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Dec 1

Getting Clear on Cataracts

Getting Clear on Cataracts


Eye surgery replaces cloudy lenses to improve your vision.

Story By Lisa Esposito | U.S. News & World Report – Health

Robert Dickey, 56, of North Hollywood, California, recently caught a movie with his wife. “You just cannot believe how vivid the imagery was,” he says. He’s not talking about the cinematography, but the fact that one month after cataract removal on his right eye – and two days after surgery on his left eye – the image on the big screen is crisp and clear instead of foggy and blurry.

Blurriness, Glare and Fading Colors

A cataract is a cloudy area in the lens of the eye. The lens’ job is to focus light back onto the retina and to adjust focus to help you see both up close and at a distance. The lens is composed of protein and water. A healthy lens should be clear. When protein clumps together in an area of the lens, making it opaque, that’s a cataract.

With cataracts, symptoms always start “with some level of blurred vision that is not corrected by your eyeglasses,” says David Chang, a clinical professor of ophthalmology at the University of California–San Francisco. Symptoms are all visual, he says, and have nothing to do with your eye being red or uncomfortable.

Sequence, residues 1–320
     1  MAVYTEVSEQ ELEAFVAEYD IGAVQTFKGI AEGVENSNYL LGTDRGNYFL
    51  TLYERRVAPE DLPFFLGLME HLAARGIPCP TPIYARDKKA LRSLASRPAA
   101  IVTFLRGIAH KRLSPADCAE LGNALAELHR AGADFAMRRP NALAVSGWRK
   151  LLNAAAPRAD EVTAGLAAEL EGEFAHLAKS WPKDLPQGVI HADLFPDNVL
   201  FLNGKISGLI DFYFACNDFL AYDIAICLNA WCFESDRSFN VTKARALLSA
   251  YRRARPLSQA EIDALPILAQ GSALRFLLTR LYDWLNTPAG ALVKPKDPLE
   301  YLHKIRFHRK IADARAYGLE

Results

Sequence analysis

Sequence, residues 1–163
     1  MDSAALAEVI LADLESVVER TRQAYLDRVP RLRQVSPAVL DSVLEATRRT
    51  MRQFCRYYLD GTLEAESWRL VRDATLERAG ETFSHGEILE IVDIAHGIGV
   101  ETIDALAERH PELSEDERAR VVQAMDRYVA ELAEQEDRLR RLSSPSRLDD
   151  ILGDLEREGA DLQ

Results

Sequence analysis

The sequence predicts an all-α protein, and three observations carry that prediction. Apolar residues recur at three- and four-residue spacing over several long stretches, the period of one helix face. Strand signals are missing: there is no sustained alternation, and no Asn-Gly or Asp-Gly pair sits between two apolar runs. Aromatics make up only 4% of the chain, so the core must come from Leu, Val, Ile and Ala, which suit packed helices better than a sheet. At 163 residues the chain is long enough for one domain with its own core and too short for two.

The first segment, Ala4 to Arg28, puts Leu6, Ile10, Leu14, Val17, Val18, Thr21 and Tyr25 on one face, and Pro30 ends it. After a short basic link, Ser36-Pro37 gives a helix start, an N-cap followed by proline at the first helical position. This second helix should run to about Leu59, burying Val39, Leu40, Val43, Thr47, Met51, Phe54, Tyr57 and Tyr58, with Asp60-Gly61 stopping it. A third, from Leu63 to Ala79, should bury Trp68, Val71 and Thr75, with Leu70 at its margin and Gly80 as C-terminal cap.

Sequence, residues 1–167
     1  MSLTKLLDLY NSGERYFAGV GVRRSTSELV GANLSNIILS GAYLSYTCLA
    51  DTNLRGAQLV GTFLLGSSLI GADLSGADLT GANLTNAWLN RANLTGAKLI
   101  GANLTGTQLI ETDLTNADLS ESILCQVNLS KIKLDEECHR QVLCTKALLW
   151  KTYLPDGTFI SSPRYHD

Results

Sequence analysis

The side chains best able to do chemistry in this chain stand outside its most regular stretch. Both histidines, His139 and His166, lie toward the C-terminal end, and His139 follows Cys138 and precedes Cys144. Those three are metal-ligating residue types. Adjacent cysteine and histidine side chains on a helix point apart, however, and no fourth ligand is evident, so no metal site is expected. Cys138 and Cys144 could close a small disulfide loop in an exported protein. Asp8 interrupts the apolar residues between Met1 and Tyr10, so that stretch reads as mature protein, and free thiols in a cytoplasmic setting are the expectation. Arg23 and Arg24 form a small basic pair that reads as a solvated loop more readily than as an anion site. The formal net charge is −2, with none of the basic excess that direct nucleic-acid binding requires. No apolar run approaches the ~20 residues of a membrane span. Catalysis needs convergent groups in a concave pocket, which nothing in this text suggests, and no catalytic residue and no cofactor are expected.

“Sometimes it’s subtle,” Chang says. “Sometimes people think their vision isn’t that bad. But what it really amounts to is that they’re just working a lot harder. You’re compensating because it’s a very gradual process.”

Besides reducing clarity, cataracts can affect color perception over time. Colors may fade, and as the lens gradually turns yellow/brown, your vision can take on a brownish tint, according to the National Eye Institute. With advanced discoloration, you may not be able to distinguish purple or blue from black. Double vision or seeing multiple images with one eye can also be a problem. Night vision can deteriorate, glare increases and you may see a halo around lights.

Some people with cataracts never need surgery, and waiting a few years until you’re ready is fine, the NEI says. But when adaptations and adjustments – such as new eyeglasses, anti-glare sunglasses, brighter lighting and using a magnifying glass – don’t work anymore, it may be time.

According to the American Academy of Ophthalmology, about 24.5 million Americans are affected by cataracts, and cataract surgery is the most common major eye procedure.

Aging and Other Risk Factors

Cataracts often come with aging, but can also be due to an eye trauma, congenital conditions or radiation contact. They can be related to diabetes or to medical treatment with systemic steroids. Secondary cataracts can develop after eye surgery, like surgery for glaucoma.

“There’s no question that advancing age is the number-one risk factor,” says Chang, who is past president of the American Society of Cataract and Refractive Surgery. “However, it’s not unusual for people to develop cataracts in their 40s and 50s.” Highly nearsighted people tend to develop cataracts at a much younger age, he says.